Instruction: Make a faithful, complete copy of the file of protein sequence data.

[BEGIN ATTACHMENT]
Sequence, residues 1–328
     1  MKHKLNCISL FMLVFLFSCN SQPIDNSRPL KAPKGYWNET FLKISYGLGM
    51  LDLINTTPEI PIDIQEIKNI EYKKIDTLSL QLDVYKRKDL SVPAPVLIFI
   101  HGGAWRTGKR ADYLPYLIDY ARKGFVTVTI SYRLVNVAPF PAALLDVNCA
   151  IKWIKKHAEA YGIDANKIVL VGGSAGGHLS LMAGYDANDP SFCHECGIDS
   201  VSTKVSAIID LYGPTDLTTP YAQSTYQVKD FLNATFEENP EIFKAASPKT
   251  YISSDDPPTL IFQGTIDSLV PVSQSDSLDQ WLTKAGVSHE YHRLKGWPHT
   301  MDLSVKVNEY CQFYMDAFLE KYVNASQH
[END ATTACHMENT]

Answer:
Sequence, residues 1–328
     1  MKHKLNCISL FMLVFLFSCN SQPIDNSRPL KAPKGYWNET FLKISYGLGM
    51  LDLINTTPEI PIDIQEIKNI EYKKIDTLSL QLDVYKRKDL SVPAPVLIFI
   101  HGGAWRTGKR ADYLPYLIDY ARKGFVTVTI SYRLVNVAPF PAALLDVNCA
   151  IKWIKKHAEA YGIDANKIVL VGGSAGGHLS LMAGYDANDP SFCHECGIDS
   201  VSTKVSAIID LYGPTDLTTP YAQSTYQVKD FLNATFEENP EIFKAASPKT
   251  YISSDDPPTL IFQGTIDSLV PVSQSDSLDQ WLTKAGVSHE YHRLKGWPHT
   301  MDLSVKVNEY CQFYMDAFLE KYVNASQH